If you're interested in exploring more dried products, such as dried carrots, and other high-quality, non-GMO, and preservative-free options, consider checking out the March 2023 Flash Sale at Mother Earth Products. Visit their website at. relevant_url To discover a range of nutritious and convenient dried products that can complement your healthy lifestyle.

The Surprising Truth About Dehydrated Fruits and Sugar

The Surprising Truth About Dehydrated Fruits and Sugar 0

You are in a mood for a healthy snack, and you think of the fruits you bought last week. So, you head to the kitchen, only to find out that the bananas are bruised beyond recognition and the peaches are mushy. At this point, reaching for a handful of dried fruits seems like the best alternative. Wait a minute! Don't experts agree that dehydrated fruits are sugar bombs in disguise? Well, yes, but the truth goes way beyond a nutrition label. If you want to know what's up with this misunderstood food, here's what research has to say.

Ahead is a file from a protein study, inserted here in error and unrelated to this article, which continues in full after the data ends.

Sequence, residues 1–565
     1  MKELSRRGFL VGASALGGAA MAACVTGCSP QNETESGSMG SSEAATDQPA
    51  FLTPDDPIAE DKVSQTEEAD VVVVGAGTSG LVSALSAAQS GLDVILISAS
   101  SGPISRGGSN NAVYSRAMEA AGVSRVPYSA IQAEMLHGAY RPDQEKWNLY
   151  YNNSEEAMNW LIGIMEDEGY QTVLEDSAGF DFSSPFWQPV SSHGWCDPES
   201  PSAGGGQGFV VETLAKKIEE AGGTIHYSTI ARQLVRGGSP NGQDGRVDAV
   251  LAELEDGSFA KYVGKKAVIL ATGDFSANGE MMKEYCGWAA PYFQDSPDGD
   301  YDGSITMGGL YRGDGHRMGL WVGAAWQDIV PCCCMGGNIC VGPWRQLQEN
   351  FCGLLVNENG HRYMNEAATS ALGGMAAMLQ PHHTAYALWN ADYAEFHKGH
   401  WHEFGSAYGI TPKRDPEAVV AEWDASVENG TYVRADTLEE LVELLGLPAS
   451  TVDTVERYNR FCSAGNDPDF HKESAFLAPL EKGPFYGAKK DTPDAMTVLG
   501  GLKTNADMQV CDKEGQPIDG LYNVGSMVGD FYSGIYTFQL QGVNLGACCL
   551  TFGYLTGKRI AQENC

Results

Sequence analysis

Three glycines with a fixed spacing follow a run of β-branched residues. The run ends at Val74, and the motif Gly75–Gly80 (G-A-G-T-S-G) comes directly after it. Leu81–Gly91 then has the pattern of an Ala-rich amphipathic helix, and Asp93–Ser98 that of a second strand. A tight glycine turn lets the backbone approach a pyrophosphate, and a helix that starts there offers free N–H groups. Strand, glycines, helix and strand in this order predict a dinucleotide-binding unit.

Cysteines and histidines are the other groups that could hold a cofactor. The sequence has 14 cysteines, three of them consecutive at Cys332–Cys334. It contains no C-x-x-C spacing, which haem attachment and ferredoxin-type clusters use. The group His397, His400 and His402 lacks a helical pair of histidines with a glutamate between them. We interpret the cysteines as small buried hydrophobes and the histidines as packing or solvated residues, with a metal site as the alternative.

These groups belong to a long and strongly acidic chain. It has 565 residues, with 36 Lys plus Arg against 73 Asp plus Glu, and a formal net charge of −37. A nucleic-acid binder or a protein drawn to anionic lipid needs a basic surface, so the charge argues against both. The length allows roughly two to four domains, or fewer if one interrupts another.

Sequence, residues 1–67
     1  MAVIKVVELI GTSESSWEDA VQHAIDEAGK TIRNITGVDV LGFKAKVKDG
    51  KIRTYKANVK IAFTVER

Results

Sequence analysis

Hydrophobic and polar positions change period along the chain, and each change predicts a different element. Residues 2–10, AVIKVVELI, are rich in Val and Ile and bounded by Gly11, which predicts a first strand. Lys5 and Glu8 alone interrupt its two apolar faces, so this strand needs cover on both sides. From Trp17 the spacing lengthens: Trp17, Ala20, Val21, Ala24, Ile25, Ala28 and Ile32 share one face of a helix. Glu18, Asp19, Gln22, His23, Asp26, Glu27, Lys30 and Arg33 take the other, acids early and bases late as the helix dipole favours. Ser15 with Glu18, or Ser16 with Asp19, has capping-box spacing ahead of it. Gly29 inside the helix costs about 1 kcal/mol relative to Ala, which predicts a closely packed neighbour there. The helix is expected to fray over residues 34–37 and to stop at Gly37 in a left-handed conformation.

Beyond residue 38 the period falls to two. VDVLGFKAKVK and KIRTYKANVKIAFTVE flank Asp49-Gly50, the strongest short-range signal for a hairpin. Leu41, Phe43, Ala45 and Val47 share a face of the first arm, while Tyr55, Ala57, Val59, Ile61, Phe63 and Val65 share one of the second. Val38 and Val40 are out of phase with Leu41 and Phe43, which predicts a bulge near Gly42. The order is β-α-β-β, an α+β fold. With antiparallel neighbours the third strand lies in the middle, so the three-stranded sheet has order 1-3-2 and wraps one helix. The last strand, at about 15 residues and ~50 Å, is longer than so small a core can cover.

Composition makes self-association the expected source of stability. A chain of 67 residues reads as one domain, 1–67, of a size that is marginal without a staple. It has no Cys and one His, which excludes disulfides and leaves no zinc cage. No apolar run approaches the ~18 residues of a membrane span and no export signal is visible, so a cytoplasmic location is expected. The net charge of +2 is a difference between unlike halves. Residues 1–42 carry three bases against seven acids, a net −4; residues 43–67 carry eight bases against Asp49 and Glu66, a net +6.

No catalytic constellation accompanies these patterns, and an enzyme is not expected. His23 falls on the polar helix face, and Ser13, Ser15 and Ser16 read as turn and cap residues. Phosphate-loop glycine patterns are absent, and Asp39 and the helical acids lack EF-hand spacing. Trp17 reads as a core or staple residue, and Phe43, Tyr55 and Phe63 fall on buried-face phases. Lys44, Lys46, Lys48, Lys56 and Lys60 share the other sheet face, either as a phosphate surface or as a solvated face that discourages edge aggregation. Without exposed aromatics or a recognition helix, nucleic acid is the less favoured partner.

Clean Eating Era: How to Make Healthy Vegetable Salads that Everyone Will Love

Clean Eating Era: How to Make Healthy Vegetable Salads that Everyone Will Love 2

Health enthusiasts have made clean eating fashionable, making vegetables a favorite meal for many people, unlike before. You can eat greens in salads, add them to your dishes, or smoothies. So how do you make salads that everyone will finish on their plate?

Here a few exciting ways to make your salads healthy and tasty.

5 Often-Neglected Cooking Methods to Keep Nutrients Intact

5 Often-Neglected Cooking Methods to Keep Nutrients Intact 0